Perhaps not surprisingly considering the COVID pandemic, the topic of vaccines, conspiracies, and quack cures popped up consistently among the nominations. These included a number of people who had themselves been previous winners, including: Meryl Dorey and the Australian [anti]Vaccination-risks/skeptic Network; anti-vaccinationist Judy Wilyman for her continued promotion of fear; MMS Australia for its bleach treatment for the disease; and radio jocks Kyle and Jackie O for themselves giving an unfettered platform for Evans to espouse his most outrageous and unsubstantiated theories.

See the full list of 2020 nominations here.


More positive awards were given for Skeptic of the Year, the Barry Williams Award for Skeptical Journalism, and the Thornett Award for the Promotion of Reason.

The Skeptic of the Year award is given occasionally – not every year – to someone who has close ties to the Skeptical movement and who has achieved exceptional results, often active behind the scenes. In 2020, the award went to Mandy-Lee Noble. It is through her well-crafted and carefully thought-out complaints to regulators that we have seen action taken against dangerous proponents of alternative medicine. She spearheaded the complaint that saw naturopath Barbara O’Neil banned from practising, and whose research over many years finally saw Pete Evans fined for his ludicrous claims around preventing and treating COVID-19, using the pseudoscientific BioCharger machine.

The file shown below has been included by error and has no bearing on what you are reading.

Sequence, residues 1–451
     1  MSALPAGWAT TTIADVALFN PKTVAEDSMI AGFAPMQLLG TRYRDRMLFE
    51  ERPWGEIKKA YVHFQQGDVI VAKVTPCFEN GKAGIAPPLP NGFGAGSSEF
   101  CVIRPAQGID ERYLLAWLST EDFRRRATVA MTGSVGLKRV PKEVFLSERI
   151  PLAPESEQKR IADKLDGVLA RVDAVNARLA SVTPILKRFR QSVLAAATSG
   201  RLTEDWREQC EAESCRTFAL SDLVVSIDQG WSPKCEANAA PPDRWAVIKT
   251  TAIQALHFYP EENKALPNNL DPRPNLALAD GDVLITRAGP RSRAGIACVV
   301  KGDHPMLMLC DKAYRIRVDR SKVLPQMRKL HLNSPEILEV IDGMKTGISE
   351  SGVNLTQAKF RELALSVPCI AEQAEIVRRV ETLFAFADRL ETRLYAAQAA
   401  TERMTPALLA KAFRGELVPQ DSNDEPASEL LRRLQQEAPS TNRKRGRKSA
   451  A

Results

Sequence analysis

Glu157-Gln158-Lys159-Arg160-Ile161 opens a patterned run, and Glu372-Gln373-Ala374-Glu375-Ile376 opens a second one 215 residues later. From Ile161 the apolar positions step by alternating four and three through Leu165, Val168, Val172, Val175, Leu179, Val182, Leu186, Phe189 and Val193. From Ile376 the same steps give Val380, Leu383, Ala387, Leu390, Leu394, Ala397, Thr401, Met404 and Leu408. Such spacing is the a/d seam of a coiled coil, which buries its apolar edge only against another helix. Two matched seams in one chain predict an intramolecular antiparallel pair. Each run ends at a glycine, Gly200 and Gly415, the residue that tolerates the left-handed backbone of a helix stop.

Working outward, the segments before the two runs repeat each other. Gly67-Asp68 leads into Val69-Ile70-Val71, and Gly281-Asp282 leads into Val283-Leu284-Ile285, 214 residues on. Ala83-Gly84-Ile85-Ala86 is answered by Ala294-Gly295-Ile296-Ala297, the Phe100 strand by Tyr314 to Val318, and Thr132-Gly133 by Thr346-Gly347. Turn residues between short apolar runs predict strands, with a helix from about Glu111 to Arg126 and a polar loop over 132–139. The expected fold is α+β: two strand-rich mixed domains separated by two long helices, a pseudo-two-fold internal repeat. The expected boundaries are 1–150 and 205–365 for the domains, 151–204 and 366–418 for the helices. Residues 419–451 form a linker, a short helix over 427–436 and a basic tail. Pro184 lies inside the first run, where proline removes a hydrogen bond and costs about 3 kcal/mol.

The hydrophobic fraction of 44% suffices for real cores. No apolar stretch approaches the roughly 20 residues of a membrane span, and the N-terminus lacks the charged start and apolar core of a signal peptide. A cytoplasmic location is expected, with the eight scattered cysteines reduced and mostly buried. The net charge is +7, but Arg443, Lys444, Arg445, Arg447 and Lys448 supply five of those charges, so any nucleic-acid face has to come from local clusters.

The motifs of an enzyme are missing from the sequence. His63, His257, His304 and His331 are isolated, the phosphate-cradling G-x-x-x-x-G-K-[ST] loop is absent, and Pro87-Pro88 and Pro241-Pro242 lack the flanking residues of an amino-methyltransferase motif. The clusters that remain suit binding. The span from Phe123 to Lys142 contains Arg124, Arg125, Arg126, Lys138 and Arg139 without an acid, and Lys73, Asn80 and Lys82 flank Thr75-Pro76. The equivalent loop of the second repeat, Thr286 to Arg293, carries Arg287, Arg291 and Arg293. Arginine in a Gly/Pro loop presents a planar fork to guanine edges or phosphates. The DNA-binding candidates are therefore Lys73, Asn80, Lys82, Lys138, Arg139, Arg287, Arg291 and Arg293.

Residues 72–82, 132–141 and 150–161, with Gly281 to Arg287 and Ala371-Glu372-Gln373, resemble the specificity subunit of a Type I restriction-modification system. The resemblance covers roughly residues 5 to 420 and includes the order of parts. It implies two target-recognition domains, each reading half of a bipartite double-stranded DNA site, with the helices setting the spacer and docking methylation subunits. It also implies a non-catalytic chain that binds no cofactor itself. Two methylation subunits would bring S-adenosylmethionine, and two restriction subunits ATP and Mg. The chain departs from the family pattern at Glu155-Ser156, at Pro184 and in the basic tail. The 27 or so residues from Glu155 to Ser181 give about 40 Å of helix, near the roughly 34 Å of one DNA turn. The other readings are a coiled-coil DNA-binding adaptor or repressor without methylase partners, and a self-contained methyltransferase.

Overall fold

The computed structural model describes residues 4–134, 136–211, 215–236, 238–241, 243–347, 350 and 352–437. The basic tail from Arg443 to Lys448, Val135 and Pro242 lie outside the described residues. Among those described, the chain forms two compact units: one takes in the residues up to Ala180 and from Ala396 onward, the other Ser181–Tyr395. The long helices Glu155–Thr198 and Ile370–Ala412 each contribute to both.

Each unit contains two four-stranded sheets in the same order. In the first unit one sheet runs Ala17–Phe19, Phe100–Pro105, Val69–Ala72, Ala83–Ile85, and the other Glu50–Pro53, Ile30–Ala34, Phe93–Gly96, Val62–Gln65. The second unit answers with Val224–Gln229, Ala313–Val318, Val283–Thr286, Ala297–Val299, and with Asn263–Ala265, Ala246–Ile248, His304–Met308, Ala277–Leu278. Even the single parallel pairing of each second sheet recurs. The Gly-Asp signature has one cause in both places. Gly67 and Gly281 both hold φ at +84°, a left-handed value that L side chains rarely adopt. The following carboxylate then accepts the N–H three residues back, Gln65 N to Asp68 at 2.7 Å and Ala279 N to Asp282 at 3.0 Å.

The Barry Williams Award for Skeptical Journalism is given for journalistic work that critically analyses or exposes issues related to pseudoscience or the paranormal. The award includes a $2000 prize. This was the third year that the award has been made, and the judging panel – made up of award-winning journalists – suggested two winners: Dr Norman Swan of the ABC Health Report (and numerous other media calls) and the ABC Radio National program Science Friction and in particular its Click-Sick episodes. Both winners have presented serious, rational and uncompromising pieces on the pandemic and how to deal with its effects, across a range of media platforms. Swan was particularly noted for his Coronacast podcast (with reporters Tegan Taylor and Will Ockenden) which has received international recognition. The members of the Click-Sick crew (presenter/reporter Ariel Bogle, presenter Natasha Mitchell, producer Jane Lee, and series producer Carl Smith) undertook a great deal of effective investigative journalism looking at COVID misinformation and how it is spread – unfortunately a recurring theme of the last year.